Her attitude towards him doesn’t mature, which makes her pathetic, rather than cool. The fact that many people who see the film are going to think she is cool is one of its most depressing aspects.”
I asked a couple of people who did not have kids with them about their reaction to “Kick-Ass” and its cast of characters. The consensus was that the movie brings kids into the adult world way sooner than they need to be there. They also stated, every last one of them, that they definitely would not allow their kids to see this movie—ever. That means not now or rented or to buy later.
I have also cruised the net looking at polls, and every one I have viewed where the question was asked: “Would you take your kids to see this movie?” ~ The ‘no’ votes were up in the 90% marks! These were not polls or interviews from other Christian sites. They are from main stream net areas such as CNN, Fox and online news agencies like L.A. Times, Chicago Sun Times and Arizona Daily Sun, to name a few.
I can’t help but quote respected secular film critic Roger Ebert, who states it perfectly referring to “Kick-Ass”:
“A movie camera makes a record of whatever is placed in front of it, and in this case, it shows deadly carnage dished out by an 11-year-old girl, after which an adult man brutally hammers her to within an inch of her life. Blood everywhere. In one scene, she faces a hallway jammed with heavily armed gangsters and shoots, stabs and kicks them all to death, while flying through the air with such power, it’s enough to make Jackie Chan take out an AARP membership.
This isn’t comic violence. [It’s so realistic that…] these men, and many others in the film, are really stone-cold dead. And the 11-year-old apparently experiences no emotions about this. Many children that age would be, I dunno, affected somehow, don’t you think, after killing eight or 12 men who were trying to kill her?”
One more quote just to prove my point, that we Christians are not the only people concerned about this film. Dana Stevens, of Slate states:
“The director, Matthew Vaughn, pointed out the hypocrisy of those who criticized his movie’s use of profanity while ignoring its violence: ‘I was like, ‘Does it not bother you that she killed about 53 people in this film?’ … I’m like, ‘Would you rather your daughter swore, or became a masked vigilante killer?’ They’re going, ‘Yeah, I don’t know.’ Cogently put, sir. But this critic, for one, is going, ‘Yeah, it does bother me that Hit Girl, and her fellow amateur superheroes rack up a body count in the high dozens.’ In the course of this zany romp made for the high-school set, human bodies are microwaved, crushed in trash compactors, skewered, bazookaed, and burned alive. And, yes, it’s comic-book violence and deliberately over the top—but since “Kick-Ass”’s whole premise is that comic-book violence, when enacted in real life, has real consequences, it seems a strange choice to layer Tarantino-style splatter onto the Y.A.-novel setting and play the whole thing for laughs.”
One of Satan’s main goals is to turn people away from trusting in the Bible and the gospel of the Lord Jesus Christ. We must be very careful not to trust in our own feelings or understandings when they do not agree with God’s word. This sadly happens to many adults and children.
Make no mistake about it, Satan will always become something that will look ok, such as in a fantasy book or movie, and appear like it’s all in fun or perhaps for laughs and really isn’t anything to be concerned about. But be warned, that this is the best smoke screen Satan has going for him. Just when you or your kids let down that guard and believe the lie, that’s when Satan gets a grip.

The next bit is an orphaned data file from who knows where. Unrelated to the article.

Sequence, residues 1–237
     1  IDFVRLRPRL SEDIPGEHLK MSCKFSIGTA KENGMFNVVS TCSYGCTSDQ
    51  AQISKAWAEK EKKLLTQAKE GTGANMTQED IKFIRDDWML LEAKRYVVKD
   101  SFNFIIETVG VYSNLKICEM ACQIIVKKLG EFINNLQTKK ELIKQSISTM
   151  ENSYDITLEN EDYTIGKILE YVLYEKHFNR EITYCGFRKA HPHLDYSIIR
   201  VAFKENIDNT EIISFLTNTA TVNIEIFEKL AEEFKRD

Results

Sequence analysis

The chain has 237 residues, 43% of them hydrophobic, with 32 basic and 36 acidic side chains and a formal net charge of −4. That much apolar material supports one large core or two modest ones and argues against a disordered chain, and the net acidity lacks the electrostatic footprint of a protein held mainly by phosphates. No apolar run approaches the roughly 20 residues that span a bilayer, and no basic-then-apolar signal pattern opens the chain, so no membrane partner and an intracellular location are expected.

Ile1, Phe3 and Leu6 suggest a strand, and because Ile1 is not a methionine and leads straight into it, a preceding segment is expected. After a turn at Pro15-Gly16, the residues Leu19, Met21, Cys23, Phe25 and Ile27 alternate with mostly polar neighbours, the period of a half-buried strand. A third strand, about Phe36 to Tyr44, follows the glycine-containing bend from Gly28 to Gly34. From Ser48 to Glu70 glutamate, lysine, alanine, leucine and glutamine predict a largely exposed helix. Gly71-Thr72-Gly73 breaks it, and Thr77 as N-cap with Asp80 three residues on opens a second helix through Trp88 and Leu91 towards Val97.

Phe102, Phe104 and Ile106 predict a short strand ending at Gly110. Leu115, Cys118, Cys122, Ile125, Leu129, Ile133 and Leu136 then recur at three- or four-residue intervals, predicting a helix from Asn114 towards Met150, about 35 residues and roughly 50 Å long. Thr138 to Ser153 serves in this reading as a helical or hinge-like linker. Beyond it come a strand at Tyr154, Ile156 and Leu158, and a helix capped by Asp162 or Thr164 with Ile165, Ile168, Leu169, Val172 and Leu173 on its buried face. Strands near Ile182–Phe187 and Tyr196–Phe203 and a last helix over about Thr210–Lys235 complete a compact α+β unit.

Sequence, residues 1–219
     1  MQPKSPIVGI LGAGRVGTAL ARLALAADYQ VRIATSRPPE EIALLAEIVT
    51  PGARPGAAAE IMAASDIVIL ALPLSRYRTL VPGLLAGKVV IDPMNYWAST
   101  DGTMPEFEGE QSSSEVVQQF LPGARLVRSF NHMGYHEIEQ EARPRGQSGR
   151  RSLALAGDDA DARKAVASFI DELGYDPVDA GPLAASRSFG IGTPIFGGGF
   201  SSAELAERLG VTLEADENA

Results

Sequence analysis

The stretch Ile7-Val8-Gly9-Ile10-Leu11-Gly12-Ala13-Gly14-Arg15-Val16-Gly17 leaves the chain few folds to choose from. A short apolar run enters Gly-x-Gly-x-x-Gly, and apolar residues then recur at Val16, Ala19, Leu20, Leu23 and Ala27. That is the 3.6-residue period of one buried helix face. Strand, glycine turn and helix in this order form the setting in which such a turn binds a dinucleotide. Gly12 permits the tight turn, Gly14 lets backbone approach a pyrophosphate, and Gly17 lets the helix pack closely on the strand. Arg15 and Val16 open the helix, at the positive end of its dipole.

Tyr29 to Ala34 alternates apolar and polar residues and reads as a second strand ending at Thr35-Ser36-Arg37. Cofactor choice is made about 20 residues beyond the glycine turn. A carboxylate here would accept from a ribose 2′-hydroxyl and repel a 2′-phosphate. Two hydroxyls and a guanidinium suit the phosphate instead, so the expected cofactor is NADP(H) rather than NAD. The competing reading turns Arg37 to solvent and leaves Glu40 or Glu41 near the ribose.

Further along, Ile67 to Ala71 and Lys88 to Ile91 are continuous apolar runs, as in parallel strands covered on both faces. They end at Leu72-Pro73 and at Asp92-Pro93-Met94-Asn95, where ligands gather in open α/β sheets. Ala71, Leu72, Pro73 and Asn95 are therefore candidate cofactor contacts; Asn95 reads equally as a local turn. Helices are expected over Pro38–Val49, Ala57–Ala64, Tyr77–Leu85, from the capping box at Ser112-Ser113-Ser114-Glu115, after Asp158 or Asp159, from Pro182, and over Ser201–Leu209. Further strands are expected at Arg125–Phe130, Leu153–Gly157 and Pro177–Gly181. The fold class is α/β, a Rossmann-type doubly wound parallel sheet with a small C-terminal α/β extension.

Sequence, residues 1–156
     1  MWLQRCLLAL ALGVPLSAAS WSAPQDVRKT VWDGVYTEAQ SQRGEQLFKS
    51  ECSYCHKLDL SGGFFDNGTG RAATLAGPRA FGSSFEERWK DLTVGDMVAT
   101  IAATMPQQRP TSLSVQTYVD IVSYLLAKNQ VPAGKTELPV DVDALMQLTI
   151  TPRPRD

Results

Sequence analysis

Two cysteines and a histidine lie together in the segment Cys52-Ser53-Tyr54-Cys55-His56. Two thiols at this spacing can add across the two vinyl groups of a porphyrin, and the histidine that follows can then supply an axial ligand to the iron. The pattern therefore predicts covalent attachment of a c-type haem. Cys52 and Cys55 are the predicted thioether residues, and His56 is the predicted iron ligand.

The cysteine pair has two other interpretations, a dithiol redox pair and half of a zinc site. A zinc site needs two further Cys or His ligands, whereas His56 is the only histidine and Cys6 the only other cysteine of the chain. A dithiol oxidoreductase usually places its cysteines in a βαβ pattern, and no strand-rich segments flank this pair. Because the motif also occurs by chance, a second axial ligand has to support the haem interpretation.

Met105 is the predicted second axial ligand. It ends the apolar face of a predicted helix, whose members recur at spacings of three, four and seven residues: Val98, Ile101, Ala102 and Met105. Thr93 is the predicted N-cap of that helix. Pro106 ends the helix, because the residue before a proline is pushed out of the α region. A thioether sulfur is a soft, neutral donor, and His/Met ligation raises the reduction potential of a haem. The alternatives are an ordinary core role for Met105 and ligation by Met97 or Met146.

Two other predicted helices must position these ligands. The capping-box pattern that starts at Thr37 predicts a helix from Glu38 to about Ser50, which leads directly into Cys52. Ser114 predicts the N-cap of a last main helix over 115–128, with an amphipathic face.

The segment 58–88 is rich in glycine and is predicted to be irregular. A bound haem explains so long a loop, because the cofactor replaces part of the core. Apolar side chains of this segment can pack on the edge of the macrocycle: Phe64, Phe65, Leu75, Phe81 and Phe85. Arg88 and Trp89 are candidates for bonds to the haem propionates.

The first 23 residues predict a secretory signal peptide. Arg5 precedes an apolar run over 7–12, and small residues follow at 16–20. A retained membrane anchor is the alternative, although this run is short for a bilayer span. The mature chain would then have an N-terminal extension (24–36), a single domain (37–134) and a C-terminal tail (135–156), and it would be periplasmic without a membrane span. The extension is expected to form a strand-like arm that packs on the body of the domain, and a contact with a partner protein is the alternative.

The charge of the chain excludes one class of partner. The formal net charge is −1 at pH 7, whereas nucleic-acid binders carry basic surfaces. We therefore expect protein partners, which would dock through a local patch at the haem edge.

Satan is the father of lies. He is cunning at the task of twisting or misrepresenting the truth. Also a cool perpetrator of many forms of deception, like films or books which seem to make sense because they weave lies with the truth, like masking the essence of a film such as “Kick-Ass” as just fantasy and humor, when in truth it will eventually lead to more of the same smut and violence—a way for Satan to enslave the impressionable minds of the youth.
But, by far, the most malicious form of a lie is using something good to bring about ultimate evil. To illustrate this, imagine Satan on a fishing expedition. Like a seasoned fisherman, he will not attach a hook to the line and toss it in just like that. He knows that most fish just won’t voluntarily bite on an exposed hook. So, he will consider the type of fish he’s after, and will “dress up” the hook accordingly: a flashy lure for some fish, a worm (real or plastic) for others, a fly for yet others. Does he do this because he wants to feed or entertain the fish? Of course not! He wants to feed himself. The seeming good that may come from him is intended for your ultimate demise.
So beware, all you fish out there, remember there is only ONE Fisherman who will take you and care for you—body, mind and soul, and That Man is Jesus Christ. Know the truth well, for it will set you free. Know Him Who is Truth, for He will help you see past the wily deceptiveness of Satan. We need to know what God’s word says; abide by it for the sake of our very souls.
I add, in closing, this very important point to parents. “Kick-Ass” is NOT your family-friendly superhero movie. This is NOT even a funny parody of superhero dramas, such as “Spiderman” or “Batman.” This is NOT FUNNY! It is serious smut and an offensive way to expose kids to the aggressive, repellent, perverse behaviors we as parents have been fighting in a super way for decades to filter OUT of their lives.
The director of “Kick-Ass,” Matthew Vaughn, himself stated that he made this movie for a particular audience, and he also stated that the people who won’t go see it are the one’s who find it offensive, so my answer to that is ~ I hope and pray the crowd who finds it offensive is vast enough to push this horrifically mortifying dud into obscurity!
Violence: Extreme / Profanity: Extreme / Sex/Nudity: Extreme
See list of Relevant Issues—questions-and-answers.